I came across a research paper related to balanced random forest for imbalanced data. For the sake of clarity, the following is the algorithm of BRF taken from the paper:
1. For each iteration in random forest, draw a bootstrap sample from the minority class. Randomly draw the same number of cases, with replacement, from the majority class. 2. Induce a classification tree from the data to maximum size, without pruning. The tree is induced with the CART algorithm, with the following modification: At each node, instead of searching through all variables for the optimal split, only search through a set of Mtry randomly selected variables. 3. Repeat the two steps above for the number of times desired. Aggregate the predictions of the ensemble and make the final prediction.
Sampling with Replacement
A question popped up in my mind after finished reading the 1st point. So basically, we’re doing random under-sampling in which the ratio of minority and majority class is 1:1. By bootstrapping, it simply means that we take some random samples with replacement. However, one thing to note here is when the number of minority class is much less than the number of majority class, e.g. 1:100000, we won’t need to do bootstrapping at all (just take all the minority instances).
Then, I got confused by the 2nd statement on the same point. As you can see, it states that we need to do sampling on the majority class with replacement as well. For those who don’t know yet about sampling with or without replacement, the concept is greatly simple. Sampling with replacement means that after you fetched a sample from a data pool, you put it back to the pool. Consequently, the probability of drawing a sample at a certain point of time is independent from the previous drawing. Vice versa, sampling without replacement simply means that we don’t put the sample back to the pool. In other words, the probability of drawing a sample changes at every point of drawing time.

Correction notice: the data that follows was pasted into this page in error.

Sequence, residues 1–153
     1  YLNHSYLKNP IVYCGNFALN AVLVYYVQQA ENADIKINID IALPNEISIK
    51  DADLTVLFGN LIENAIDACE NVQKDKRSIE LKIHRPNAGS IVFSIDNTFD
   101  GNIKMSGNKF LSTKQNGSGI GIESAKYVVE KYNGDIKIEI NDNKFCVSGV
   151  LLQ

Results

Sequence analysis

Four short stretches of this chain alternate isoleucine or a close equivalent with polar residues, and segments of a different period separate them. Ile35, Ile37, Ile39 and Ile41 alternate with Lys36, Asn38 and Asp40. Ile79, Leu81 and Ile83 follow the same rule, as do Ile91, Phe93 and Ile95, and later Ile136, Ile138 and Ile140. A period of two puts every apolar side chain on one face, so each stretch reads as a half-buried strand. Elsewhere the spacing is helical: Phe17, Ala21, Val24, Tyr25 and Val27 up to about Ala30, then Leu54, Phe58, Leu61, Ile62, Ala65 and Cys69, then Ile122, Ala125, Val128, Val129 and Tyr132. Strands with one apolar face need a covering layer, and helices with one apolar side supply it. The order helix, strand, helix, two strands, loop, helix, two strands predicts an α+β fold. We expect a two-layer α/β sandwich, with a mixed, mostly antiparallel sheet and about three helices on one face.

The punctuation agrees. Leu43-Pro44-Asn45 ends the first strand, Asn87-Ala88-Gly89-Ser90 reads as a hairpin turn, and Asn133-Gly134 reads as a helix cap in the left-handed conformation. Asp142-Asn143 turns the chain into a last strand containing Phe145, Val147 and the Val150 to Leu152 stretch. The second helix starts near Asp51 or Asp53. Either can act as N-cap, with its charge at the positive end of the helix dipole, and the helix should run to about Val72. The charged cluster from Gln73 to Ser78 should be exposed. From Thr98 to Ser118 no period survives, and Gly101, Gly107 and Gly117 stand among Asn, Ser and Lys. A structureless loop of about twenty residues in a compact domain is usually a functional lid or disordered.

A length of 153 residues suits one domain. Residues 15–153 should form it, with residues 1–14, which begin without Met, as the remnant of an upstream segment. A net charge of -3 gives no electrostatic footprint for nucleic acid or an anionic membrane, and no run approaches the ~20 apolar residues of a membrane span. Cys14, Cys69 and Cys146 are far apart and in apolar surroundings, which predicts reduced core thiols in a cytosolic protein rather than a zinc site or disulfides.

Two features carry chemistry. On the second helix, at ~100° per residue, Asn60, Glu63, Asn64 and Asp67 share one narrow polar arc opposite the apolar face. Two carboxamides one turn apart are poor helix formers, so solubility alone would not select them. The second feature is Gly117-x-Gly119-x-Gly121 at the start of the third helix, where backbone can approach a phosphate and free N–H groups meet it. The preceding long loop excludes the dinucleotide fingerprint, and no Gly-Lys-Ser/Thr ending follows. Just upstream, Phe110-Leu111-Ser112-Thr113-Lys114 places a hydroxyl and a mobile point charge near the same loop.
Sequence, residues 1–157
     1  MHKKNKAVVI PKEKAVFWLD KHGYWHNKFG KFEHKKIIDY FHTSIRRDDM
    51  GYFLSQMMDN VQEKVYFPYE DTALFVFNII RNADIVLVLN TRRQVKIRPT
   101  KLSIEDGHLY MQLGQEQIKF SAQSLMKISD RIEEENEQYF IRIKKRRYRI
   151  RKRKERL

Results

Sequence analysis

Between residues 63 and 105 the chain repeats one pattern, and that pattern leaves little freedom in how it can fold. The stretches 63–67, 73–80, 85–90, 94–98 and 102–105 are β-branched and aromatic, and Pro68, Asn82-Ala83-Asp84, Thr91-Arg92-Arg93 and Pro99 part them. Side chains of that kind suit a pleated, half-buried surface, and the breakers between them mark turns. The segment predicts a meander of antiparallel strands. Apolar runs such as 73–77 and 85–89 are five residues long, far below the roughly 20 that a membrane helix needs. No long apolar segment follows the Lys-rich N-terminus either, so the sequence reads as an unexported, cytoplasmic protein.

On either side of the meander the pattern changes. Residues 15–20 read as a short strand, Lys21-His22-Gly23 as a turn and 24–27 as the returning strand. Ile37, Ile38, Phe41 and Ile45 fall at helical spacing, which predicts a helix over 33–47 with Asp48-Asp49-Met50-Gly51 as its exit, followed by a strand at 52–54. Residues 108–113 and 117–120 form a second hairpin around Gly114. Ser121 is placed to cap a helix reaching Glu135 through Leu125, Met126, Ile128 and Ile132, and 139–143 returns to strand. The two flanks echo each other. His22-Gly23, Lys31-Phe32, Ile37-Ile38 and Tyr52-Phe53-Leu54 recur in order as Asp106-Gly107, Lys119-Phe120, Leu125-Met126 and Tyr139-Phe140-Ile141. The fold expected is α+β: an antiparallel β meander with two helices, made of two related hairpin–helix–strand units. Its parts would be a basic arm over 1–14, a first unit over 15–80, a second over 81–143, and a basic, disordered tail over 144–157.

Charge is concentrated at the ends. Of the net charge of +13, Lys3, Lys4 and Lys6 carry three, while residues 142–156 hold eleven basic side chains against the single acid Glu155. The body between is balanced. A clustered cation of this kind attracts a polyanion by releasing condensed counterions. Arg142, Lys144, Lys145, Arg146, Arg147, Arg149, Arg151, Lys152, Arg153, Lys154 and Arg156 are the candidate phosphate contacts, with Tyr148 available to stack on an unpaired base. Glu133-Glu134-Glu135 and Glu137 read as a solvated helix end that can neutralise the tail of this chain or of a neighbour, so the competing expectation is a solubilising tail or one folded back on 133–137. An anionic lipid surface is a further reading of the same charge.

Back to the topic. By sampling with replacement, the consequence is very evident. Yup, the sampled data might contain duplicates. I’m still not sure with my own hypothesis, though. Probably my understanding is less accurate which means that what the author means by with replacement here might be different from my perspective. What do you think?
I was going to implement this algorithm using PySpark, yet the 2nd point made me thinking a little bit deeper. I thought that Spark ML’s Decision Tree Classifier has a parameter for specifying the number of features used to select the best split at each node. But after searching through some references online, I didn’t manage to find it. Unlike on Random Forest Classifier where we can specify the number of features via a param called featureSubsetStrategy, I didn’t find the same thing on Decision Tree Classifier.
Well, I think it’s funny because BRF implementation should use Decision Tree class at its core. To handle such a case, we could still use Random Forest by modifying its behavior such that it acts like a common decision tree. For instance, for each tree induction, we can set the number of trees to 1, impurity=gini, subsamplingrate=1, etc. What do you think?
So, what do you think? Any suggestion? And CMIIW.